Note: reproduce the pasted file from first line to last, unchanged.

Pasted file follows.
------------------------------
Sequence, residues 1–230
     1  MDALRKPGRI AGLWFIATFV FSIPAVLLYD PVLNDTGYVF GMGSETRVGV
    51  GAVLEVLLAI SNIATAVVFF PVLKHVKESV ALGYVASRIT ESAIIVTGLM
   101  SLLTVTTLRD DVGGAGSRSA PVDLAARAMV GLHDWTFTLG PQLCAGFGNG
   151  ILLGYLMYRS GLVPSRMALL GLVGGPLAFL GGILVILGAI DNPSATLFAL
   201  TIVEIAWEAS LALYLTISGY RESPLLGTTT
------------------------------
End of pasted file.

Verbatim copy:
Sequence, residues 1–230
     1  MDALRKPGRI AGLWFIATFV FSIPAVLLYD PVLNDTGYVF GMGSETRVGV
    51  GAVLEVLLAI SNIATAVVFF PVLKHVKESV ALGYVASRIT ESAIIVTGLM
   101  SLLTVTTLRD DVGGAGSRSA PVDLAARAMV GLHDWTFTLG PQLCAGFGNG
   151  ILLGYLMYRS GLVPSRMALL GLVGGPLAFL GGILVILGAI DNPSATLFAL
   201  TIVEIAWEAS LALYLTISGY RESPLLGTTT